I want to watch this SNL skit over and over and over again. And have. And just did again.
I think it’s boring how Jerry Seinfeld basically only talks to white dude comedians in Comedians in Cars Getting Coffee, but still loved watching a retelling of the story of Louis CK getting stuck in the salt marsh at Inwood Hill Park.
Yet another horrifying article about Big Agriculture. The videos don’t even deserve the word horrifying. Even if this sort of thing doesn’t make you feel horribly sad, it must make you feel so disgusted that you never want to put food in your body from this sort of production system again. Right? I guess not, based on the number of people I know who are both aware that these conditions exist and still eat regular mass-produced meat and dairy. I just don’t get it.
Hudson Valley Ballers is amazing. (The video linked from “Valley” is particularly hilarious.)
A roundup of great board games that makes me feel as though I don’t have a game closet at all. (I do.) (There are just a lot of great games out there.)
Speaking of board games, Vulture’s “oral history” of the Cones of Dunshire is pretty great. (Though I think you’d have to be a fan of dorky board games and/or Parks & Rec to appreciate it.) However, not so great is their “oral history” of the episode of Sex and the City where Kristen Johnston falls to her death after declaring NYC dead. Interesting, sure, but sort of horrifying in its blatant admission that the producers used the character as a way to prove what could happen to you (death!) as a single woman if you refuse to settle down. Eesh.
I LOVE AMY POEHLER.
Guys, it’s a Christmas miracle. The only other thing on the Internet that I think is worth sharing this week is ALSO AMY POEHLER. This one is even BETTER. I have rewatched it five times already.
OK, fine, there’s this amazing article about homelessness and kids and NYC and schools and everything, too. Way to harsh my Amy Poehler buzz, reality.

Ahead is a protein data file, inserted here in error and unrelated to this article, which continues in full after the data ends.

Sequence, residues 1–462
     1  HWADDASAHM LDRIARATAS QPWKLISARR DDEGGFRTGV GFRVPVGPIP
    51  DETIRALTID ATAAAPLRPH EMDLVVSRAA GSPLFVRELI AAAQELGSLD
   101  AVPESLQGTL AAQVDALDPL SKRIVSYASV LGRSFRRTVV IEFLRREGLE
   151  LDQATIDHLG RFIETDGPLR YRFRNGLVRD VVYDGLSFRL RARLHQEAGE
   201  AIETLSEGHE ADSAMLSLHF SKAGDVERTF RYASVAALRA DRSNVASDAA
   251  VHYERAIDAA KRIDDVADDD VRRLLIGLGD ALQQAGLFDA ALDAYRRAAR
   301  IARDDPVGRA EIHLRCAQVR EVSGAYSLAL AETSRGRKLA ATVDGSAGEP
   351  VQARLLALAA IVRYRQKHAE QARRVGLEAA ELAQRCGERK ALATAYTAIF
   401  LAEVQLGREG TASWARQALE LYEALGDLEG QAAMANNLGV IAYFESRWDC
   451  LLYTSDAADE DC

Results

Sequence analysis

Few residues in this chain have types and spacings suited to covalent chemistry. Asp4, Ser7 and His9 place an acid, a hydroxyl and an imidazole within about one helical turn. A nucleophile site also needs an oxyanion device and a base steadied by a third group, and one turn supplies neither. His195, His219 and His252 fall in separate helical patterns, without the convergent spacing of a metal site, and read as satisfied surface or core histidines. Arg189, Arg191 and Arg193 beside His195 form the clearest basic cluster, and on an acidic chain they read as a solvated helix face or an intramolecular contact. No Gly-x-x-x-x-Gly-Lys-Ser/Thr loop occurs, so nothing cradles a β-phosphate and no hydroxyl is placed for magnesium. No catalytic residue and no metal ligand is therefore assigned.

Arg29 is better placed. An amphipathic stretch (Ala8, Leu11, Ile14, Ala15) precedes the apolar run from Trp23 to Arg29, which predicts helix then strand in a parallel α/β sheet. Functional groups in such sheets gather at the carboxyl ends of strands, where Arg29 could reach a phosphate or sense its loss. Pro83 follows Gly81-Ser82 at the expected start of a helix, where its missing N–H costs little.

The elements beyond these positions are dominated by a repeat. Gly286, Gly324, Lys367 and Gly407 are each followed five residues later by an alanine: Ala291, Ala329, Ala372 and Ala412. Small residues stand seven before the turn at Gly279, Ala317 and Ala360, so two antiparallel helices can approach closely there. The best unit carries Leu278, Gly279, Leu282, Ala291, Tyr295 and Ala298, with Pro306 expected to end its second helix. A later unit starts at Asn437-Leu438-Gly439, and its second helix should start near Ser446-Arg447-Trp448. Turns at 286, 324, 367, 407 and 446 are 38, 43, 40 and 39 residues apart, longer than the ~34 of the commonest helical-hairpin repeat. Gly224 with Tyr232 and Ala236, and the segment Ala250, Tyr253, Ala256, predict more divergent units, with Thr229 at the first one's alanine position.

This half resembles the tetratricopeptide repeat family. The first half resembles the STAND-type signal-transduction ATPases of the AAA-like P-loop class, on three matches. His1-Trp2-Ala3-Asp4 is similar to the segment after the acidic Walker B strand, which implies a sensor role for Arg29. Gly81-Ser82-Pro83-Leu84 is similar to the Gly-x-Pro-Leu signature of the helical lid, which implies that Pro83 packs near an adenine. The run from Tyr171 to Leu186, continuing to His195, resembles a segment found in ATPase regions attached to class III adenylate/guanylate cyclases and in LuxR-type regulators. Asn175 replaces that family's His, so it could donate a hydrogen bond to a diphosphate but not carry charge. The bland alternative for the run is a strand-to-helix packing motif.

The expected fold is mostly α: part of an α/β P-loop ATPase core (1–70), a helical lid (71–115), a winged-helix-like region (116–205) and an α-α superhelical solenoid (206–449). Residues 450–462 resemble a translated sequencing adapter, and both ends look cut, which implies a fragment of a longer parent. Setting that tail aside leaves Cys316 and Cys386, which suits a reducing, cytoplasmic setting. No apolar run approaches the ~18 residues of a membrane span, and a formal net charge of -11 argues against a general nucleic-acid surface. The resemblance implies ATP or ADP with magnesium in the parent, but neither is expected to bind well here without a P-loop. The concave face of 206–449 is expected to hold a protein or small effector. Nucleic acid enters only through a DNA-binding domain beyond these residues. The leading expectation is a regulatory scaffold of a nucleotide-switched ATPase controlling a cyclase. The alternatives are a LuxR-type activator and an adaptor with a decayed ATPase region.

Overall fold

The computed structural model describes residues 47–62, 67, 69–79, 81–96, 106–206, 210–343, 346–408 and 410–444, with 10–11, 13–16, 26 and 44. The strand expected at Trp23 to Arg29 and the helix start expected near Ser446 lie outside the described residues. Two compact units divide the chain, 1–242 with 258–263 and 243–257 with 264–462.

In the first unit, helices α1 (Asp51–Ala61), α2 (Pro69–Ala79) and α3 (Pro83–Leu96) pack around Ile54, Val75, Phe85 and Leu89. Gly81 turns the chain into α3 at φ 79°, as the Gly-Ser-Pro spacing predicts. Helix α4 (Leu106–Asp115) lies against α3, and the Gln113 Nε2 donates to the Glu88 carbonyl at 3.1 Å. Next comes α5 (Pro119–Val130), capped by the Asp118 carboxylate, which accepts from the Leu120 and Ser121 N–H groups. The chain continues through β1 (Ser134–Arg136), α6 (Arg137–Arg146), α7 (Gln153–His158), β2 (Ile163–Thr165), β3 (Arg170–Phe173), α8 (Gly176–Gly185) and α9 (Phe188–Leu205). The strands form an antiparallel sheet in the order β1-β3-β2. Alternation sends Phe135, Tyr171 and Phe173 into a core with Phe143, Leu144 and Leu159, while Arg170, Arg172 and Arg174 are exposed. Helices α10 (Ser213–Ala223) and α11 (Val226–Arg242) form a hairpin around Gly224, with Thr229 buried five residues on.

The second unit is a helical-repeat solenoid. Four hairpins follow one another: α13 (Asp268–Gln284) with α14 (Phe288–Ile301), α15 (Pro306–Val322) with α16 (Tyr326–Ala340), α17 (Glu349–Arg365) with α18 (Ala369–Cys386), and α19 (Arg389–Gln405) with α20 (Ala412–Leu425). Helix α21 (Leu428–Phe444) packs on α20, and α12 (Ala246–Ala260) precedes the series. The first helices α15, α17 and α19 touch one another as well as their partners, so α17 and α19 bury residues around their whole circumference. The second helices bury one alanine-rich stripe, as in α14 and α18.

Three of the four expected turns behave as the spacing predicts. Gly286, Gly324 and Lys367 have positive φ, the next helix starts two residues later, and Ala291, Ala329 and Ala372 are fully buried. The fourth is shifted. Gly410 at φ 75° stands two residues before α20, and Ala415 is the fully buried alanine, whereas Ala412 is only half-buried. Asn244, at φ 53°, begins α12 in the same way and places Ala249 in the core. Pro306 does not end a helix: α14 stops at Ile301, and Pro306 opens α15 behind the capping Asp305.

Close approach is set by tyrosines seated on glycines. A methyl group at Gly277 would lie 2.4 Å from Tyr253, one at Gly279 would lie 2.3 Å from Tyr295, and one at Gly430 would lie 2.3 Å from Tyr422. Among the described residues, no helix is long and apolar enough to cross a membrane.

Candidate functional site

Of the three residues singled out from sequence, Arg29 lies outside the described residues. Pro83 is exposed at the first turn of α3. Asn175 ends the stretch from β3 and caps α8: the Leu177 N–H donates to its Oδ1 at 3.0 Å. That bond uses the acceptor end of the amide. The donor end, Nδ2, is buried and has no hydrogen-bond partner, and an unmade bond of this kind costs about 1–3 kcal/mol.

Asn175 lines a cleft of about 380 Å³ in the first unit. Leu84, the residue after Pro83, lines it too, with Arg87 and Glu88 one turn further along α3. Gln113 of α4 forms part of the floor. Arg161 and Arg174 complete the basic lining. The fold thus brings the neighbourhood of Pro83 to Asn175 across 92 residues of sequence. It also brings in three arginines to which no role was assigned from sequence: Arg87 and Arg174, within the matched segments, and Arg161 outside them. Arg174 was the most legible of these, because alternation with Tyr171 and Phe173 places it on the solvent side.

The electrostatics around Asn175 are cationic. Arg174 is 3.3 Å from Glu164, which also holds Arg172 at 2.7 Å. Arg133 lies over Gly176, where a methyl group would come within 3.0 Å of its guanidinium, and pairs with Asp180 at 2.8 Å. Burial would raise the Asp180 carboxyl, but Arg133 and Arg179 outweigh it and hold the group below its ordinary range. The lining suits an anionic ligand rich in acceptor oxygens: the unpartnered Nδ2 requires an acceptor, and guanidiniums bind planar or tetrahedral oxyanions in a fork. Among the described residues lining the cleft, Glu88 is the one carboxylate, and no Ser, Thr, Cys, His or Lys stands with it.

But wait! Reality rewards: TRIFECTA OF AMY POEHLER, WITH BONUS TINA FEY.
X instead of read/watch/listen/play etcetera, because there is a lot of stuff here:
Avery Edison’s series on being a transgender woman is fascinating and enlightening. I’ve struggled with what feels like an over-emphasis on traditional interpretations of gender in the trans literature I’ve read in the past. Reading this series didn’t change that for me, but did give me further insight (and empathy) into being trans, which is a good thing.
Hey Yun’s “Brunch Avec Au Pair” webisode (ugh that word) is challenging and great.
An account of working in a 1960s London mortuary.
A New Republic article about 31-year-old Michael Needham’s ascending control of the Heritage Foundation gives insight into the bizarre strategic choices made by the GOP over the past few years. As a 31 year old myself, I am simultaneously annoyed by the article’s suggestion that Needham’s idiocy has anything to do with his generation (it clearly is driven by his privilege and “the moment”), and surprised that anyone would expect anything else out of a 31 year old being given control of a political/policy organization. 31 year olds: most of us know not enough to avoid being total fools (like Needham), but not enough to competently lead an organization charged with defining the goals of one of the world’s most powerful political movements.
I loved my friend Nicole’s post about integrating gratitude into her family’s daily life. This is exactly the sort of behavior I want to cultivate in myself and my future children; it’s great to hear about a real-life example of it working so well.
I’ve been slowly making my way through this Q&A with Art Spiegelman this week. I loved Maus (as have all humans), but just loving something doesn’t mean that I have any real investment in its creator. This interview stands on its own merits, discussing modern American Judaism, counter-cultural movements, the Holocaust, and–most interestingly, I think–the experience of creating a canonical work.